Apple unveiled two new iPhones to replace the iPhone 5 on Tuesday, the lower-cost iPhone 5c and higher-end iPhone 5s, and to the relief of Apple fans across Europe the new smartphones will now support LTE Bands 7 (2.6 GHz) and 20 (800 MHz), as well as LTE Band 3 (1800 MHz).
Verizon Communications is on track for the biggest sale of corporate debt ever--as much as $20 billion--in order to finance its $130 billion acquisition of Vodafone's 45 percent stake in Verizon Wireless, according to multiple reports.
BERLIN—Verizon Communications' decision to pay $130 billion to purchase Vodafone's 45 percent share of Verizon Wireless was not a surprise to Sprint CEO Dan Hesse. Speaking here at the IFA trade fair, Hesse told the audience that Verizon Wireless was the most important part of Verizon's business and therefore it was necessary for the operator to have full control of its business.
Italy has become Vodafone's second-largest market after it gained 100 per cent control of Vodafone Italy following its $130 billion (€99 billion) deal with Verizon Communications, and the market is therefore set to be a key beneficiary of the UK operator's $9.3 billion "Project Spring" investment plan.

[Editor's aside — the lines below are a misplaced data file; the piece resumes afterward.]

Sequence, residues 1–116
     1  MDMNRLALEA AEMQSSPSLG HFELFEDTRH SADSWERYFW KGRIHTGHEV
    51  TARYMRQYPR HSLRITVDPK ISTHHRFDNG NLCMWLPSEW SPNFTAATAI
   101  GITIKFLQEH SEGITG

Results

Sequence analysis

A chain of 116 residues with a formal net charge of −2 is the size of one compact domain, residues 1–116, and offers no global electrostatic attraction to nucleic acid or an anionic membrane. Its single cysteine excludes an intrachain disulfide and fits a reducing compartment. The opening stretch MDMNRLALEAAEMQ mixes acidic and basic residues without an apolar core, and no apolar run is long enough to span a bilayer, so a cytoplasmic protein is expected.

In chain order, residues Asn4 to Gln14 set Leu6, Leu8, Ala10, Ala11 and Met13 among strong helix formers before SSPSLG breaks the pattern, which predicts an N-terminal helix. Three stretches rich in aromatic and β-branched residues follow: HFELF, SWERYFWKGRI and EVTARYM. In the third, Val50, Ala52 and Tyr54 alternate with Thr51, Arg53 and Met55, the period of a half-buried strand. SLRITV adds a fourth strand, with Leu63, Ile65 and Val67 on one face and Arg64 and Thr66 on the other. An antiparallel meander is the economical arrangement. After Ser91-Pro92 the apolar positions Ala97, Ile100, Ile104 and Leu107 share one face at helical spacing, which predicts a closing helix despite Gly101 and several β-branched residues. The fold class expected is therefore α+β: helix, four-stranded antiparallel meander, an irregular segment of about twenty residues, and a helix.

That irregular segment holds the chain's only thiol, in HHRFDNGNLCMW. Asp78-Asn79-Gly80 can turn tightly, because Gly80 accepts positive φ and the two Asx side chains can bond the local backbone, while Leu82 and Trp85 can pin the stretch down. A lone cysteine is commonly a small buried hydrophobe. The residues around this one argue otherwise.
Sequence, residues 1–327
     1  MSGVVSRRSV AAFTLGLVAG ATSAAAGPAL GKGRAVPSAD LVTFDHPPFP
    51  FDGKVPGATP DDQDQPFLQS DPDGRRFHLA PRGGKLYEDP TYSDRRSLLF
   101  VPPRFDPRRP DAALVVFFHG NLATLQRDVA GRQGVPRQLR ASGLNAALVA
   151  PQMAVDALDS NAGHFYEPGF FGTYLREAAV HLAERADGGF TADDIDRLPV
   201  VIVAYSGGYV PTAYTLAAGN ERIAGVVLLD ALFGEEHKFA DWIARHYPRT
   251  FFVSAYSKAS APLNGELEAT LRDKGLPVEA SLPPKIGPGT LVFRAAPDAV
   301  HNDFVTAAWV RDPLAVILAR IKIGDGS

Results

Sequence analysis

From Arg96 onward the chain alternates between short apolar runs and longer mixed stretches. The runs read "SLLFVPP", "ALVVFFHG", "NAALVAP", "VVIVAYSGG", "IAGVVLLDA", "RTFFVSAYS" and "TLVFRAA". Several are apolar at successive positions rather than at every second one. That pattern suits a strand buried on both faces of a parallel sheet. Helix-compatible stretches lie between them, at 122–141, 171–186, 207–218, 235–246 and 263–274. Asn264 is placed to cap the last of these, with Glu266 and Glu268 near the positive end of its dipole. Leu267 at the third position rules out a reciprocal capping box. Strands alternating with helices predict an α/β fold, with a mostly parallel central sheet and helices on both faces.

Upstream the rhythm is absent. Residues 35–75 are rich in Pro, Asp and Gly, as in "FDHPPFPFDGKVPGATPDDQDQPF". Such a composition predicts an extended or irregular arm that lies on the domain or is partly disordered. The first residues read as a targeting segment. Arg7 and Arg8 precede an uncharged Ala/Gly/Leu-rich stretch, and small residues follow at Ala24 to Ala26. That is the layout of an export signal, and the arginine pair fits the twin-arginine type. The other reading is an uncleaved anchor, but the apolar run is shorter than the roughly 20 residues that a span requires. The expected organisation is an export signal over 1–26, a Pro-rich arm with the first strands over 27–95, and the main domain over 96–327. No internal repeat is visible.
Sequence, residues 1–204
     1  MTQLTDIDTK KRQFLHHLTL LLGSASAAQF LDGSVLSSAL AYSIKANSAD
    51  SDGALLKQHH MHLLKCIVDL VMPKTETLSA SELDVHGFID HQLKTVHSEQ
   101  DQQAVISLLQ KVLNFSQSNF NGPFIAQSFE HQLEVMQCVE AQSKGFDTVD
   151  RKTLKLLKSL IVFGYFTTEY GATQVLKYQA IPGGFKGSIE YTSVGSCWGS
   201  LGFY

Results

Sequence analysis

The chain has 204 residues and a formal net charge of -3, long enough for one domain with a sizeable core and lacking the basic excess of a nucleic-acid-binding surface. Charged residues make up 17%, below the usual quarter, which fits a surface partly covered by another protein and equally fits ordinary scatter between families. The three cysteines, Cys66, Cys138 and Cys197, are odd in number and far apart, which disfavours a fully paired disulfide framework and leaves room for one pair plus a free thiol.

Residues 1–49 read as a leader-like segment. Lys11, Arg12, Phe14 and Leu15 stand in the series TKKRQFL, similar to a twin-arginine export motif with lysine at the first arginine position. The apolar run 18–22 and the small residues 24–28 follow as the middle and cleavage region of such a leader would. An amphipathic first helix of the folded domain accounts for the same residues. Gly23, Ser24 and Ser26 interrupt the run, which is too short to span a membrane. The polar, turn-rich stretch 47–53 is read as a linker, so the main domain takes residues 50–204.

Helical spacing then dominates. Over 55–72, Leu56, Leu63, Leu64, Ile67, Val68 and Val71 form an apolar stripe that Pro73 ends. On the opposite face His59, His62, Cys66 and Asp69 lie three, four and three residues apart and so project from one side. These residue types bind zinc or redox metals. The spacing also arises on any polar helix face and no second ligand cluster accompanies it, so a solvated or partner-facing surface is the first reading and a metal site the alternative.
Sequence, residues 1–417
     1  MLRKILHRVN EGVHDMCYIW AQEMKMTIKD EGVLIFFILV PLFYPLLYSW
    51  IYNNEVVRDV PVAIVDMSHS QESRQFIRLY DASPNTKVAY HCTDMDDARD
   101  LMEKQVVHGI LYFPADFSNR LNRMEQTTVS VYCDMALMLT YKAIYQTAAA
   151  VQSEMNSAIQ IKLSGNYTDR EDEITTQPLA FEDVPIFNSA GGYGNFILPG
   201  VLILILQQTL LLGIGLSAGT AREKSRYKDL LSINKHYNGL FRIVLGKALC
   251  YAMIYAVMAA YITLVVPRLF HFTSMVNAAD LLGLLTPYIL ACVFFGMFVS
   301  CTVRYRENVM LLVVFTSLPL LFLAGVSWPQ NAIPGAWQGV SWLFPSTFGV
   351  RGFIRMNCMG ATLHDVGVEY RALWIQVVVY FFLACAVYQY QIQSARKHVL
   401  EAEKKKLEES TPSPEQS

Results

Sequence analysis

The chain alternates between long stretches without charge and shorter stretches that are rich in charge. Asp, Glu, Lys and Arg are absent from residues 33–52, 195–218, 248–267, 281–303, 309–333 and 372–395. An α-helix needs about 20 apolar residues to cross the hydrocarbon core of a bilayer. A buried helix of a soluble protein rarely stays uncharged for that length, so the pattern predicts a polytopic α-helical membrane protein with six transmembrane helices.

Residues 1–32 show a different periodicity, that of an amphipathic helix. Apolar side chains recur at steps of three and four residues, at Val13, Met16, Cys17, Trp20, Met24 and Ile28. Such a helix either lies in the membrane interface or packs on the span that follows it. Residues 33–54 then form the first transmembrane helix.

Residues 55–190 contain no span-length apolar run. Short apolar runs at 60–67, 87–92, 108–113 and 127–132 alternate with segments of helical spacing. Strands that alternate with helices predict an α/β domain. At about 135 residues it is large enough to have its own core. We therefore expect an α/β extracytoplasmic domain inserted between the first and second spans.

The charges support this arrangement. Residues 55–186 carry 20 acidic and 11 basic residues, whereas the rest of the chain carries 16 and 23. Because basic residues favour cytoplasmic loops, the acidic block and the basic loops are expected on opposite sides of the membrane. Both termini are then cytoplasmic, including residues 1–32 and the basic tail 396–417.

This week finally provided answers to ongoing questions about the future of Vodafone's 45 per cent stake in Verizon Wireless and Nokia's devices unit. Some industry leaders are worried about the impact these deals will have on Europe's efforts to regain its lost leadership in mobile innovation.
BRUSSELS--Europe has been falling behind in mobile innovation, as illustrated by its low LTE penetration compared to the US, and recent events such as Microsoft's acquisition of Nokia's devices business and Vodafone's sale of its stake in Verizon Wireless will not help the region reverse this situation, according to Telecom Italia CEO Franco Bernabe.
Another day, another million-dollar or billion-dollar deal. At least that's how this week seemed, and it's not even over yet.
Verizon Communications' $130 purchase of Vodafone's 45 percent stake in Verizon Wireless and Microsoft's decision to pay around $7.2 billion for Nokia's handset business were done for both strategic reasons and financial ones. And, as The Verge notes, the financial ones had a lot to do with fears about rising interest rates.
Verizon Communications paid billions more than it had initially wanted to secure partner Vodafone's 45 percent stake in Verizon Wireless, according to a Wall Street Journal article, but the company felt it could not pass up the opportunity to get full control of its wireless operations.
Italian investors in Telecom Italia, which has been grappling with some tough decisions relating to its mobile and fixed businesses, are prepared to sell their stakes in a move that could leave Telecom Italia vulnerable to a takeover bid, according to a Reuters report.